Friday, June 24, 2011

But it's Soooooooo Much Better!

I debated just titling this post "Look Away!" because it contains a gross picture of my belly, so if you have a problem with that, come back tomorrow.  I really am appreciative of how lucky I am to have been able to get pregnant three times and to have two healthy children and a third on the way that by all medical measures is cooking along just fine.  So I hope this doesn't come across as too complain-y, but I would be remiss to let this pregnancy pass by without recording what has been the most difficult thing about it.  (How else am I supposed to lord it over my offspring later?) 

11 Things I Have Learned From Having PUPPS:  

1) "How are you feeling?" is the second most common question a pregnant woman gets asked, second only to "When are you due?"

2) People ask "How are you feeling?" to be nice and sympathetic, because it is a well known fact that many women experience all sorts of uncomfortable pregnancy side effects.

3) The thing is, a lot of those side effects are either gross or embarrassing.  Almost no one really wants to hear about them.  The proper response is, "I'm fine!"  

4) My tolerance for pain may be higher than my tolerance for itching.  Miserable, miserable, bathe in oatmeal, keep you awake at night, sleep with ice packs type itching.  I'm really bad with skin stuff.    

5) If you cry on a dermatologist's office voice mail, they may be able to get you in sooner.

6) If you complain to your midwife, she may be able to pull some strings and get you in with another dermatologist for a second opinion in a day rather than a month. 

7) You may wash your hair with baking soda, use paraben free makeup, clean your face with olive oil, and make your own deodorant, but when you feel like clawing all your skin off at 4 a.m., and the doctor says "this is safe" you do not ask questions, you close your eyes to anything to the contrary found on the Internet, and immediately start popping Zyrtec nightly and slathering your body in high-powered steroid ointments twice a day. 

8) Someone needs to invent a bendy icepack that will stay on a round belly.  It would also be useful for other non-brick shaped body parts, like ankles, fingers, thighs, and elbows. See:
PUPPS w/scarf ice pack
{Self-portrait at work, taken with cell phone.  Winter scarf being used to hold ice pack in place.}

9) You may have a problem if your semi-verbal one year old is often found toddling around the house saying, "Mommy itchy."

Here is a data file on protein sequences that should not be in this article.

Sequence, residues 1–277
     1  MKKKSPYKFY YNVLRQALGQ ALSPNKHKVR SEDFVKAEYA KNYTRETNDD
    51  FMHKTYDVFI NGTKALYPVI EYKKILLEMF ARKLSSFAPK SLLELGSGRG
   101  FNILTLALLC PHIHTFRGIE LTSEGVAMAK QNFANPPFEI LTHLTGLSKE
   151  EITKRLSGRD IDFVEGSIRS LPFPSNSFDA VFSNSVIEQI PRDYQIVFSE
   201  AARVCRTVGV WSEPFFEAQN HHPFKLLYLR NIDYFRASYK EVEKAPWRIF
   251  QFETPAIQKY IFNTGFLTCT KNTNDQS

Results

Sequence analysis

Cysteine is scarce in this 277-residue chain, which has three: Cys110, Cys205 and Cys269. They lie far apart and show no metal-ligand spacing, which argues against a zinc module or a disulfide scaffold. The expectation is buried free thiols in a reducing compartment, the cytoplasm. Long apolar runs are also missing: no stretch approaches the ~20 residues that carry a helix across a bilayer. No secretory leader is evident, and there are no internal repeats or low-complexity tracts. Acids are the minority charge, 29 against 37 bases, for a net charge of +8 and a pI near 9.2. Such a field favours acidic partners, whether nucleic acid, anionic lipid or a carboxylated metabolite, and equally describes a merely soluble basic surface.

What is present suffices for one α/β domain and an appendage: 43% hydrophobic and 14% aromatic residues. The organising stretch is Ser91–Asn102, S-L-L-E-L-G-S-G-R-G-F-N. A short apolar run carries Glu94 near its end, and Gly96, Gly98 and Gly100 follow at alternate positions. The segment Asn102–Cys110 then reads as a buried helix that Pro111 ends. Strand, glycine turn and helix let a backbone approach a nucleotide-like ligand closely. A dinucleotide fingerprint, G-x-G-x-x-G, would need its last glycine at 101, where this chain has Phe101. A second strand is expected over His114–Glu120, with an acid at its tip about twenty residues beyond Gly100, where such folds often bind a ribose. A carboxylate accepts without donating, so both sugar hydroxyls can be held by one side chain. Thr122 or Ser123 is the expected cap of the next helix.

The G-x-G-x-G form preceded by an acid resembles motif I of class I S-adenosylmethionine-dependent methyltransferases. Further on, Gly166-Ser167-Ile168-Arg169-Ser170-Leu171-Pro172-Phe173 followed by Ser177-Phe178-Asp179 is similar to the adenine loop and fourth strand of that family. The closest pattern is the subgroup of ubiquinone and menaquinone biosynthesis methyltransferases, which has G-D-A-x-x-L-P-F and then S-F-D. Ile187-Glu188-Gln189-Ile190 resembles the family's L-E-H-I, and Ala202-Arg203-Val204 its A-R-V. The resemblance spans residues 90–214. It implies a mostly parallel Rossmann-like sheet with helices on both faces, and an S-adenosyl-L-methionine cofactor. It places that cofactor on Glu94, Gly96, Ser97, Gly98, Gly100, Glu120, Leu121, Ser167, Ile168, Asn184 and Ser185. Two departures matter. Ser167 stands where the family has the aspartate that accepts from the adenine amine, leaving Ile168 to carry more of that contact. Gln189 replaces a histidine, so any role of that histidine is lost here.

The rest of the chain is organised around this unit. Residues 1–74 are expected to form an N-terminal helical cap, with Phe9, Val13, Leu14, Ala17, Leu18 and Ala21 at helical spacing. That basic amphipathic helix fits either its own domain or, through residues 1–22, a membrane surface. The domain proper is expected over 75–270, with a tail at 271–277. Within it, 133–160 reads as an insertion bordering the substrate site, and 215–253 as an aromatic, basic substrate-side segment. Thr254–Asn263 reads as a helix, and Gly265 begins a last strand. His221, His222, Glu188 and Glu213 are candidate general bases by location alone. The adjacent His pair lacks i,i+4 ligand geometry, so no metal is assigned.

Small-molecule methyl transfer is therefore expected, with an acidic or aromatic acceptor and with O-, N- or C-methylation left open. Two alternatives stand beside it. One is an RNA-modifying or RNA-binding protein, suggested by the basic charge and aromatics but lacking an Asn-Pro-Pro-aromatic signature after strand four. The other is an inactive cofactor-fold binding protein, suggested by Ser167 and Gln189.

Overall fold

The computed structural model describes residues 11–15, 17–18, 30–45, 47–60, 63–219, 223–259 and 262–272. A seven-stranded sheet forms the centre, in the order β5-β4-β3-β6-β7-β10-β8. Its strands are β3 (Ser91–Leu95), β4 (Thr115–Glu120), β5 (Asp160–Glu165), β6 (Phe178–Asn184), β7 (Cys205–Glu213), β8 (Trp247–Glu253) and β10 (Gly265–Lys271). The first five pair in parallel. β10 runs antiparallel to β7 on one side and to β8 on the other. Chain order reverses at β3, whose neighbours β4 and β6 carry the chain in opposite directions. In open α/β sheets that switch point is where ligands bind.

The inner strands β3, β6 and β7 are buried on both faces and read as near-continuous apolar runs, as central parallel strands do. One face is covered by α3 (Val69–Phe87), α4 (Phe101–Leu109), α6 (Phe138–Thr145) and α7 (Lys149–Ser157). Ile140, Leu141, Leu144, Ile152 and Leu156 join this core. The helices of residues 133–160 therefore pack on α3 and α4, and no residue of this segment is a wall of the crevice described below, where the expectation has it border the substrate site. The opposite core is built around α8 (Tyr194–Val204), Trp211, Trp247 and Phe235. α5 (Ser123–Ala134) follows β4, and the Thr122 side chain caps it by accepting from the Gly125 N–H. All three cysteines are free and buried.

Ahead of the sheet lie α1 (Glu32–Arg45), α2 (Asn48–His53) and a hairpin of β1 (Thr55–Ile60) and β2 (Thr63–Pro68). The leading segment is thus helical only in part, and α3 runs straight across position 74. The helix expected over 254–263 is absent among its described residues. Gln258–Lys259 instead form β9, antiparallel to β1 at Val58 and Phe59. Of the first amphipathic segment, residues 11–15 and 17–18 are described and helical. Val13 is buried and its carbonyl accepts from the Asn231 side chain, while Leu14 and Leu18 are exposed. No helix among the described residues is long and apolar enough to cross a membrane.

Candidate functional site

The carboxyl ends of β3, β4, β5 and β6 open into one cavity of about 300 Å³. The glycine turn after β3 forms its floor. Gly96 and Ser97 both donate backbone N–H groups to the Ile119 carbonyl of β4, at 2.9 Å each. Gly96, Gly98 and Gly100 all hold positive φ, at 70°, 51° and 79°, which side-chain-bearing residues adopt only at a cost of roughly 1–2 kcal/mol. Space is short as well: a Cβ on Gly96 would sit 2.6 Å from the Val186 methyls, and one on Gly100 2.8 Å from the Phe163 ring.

10) Authors of articles describing PUPPS as "benign" or "harmless" have probably never had it. 

11) Never Google images of skin conditions.  You will regret it.

My case of PUPPS is atypical in almost every way.  They thought originally that it was a form of eczema known as contact dermatitis -- in other words, an allergic reaction to a cream used on my back by a physical therapist.  PUPPS affects only about 1 in 150 pregnancies, but it usually occurs in a woman's first pregnancy and does not return for subsequent ones. It almost always starts on the abdomen, and the onset typically occurs late in the third trimester.  My case unfortunately started at around 21 weeks (and is still going on), it started on my back, and obviously this isn't my first pregnancy.  The good news is, my case is not even close to as bad as it can be (again, do not Google the images to verify that - just trust me), and it has gotten much, MUCH better.  Like 1,000 times better.  My belly's 98% clear now, and the rest of the PUPPS rash seems to move around from place to place like a batch of poison ivy or hives that I just can't seem to shake.  There is one thing about PUPPS that makes me really want to be the textbook case:  it's supposed to go away after delivery. 
{During a flare up.  Gross, right?  I warned you at the top of this post to look away.  No bears or unicorns were harmed by this rash.  I just had to do some creative photo editing to hide my exposed thighs.}

The point of this post was not to garner sympathy, because I cannot even tell you how much better I'm doing now.  It's not gone, but it's live-able, manageable. At around 29-30 weeks, early inducement was sounding pretty attractive, but now things are tolerable.  I'm even off all the steroid ointments for now - yea!   

As you know, my hunch all along has been that we're having a third girl, but lately I've been joking that maybe I'm allergic to boys.  Because that's another interesting statistic about PUPPS:  70% of expectant mothers with PUPPS are carrying boys.


sea legs girl said...

No no no! That is TERRIBLE! I can't believe you have PUPPP. I know how bad it is because at the hospital I worked at we would induce women early (as you mentioned, too) because they were MISERABLE. I feel so bad for you and wish I had a remedy -but glad the rash is mostly cleared up now. If it flares up again, you will have the option of being induced! Obstetricians know how moms can suffer with it. I will keep my fingers crossed your itching only decreases.

Ann said...

Oh no! Had no idea you were going through this. What a way to make the third time memorable, huh? And here I thought that the obscene varicose veins and compression stockings I'm stuck with were the worst thing. I'm giving you a poor, poor baby and hope this kid comes at least a week early to give you a break!!

Frances said...

Oh, Kate! I hope it continues to clear up and that you are PUPPS free in the next few weeks.

Emily said...

Ugh! And you felt bad about a treating yourself to a donut?!!?!?!

Cindy said...

So glad you are feeling better. The things we do for our children. :)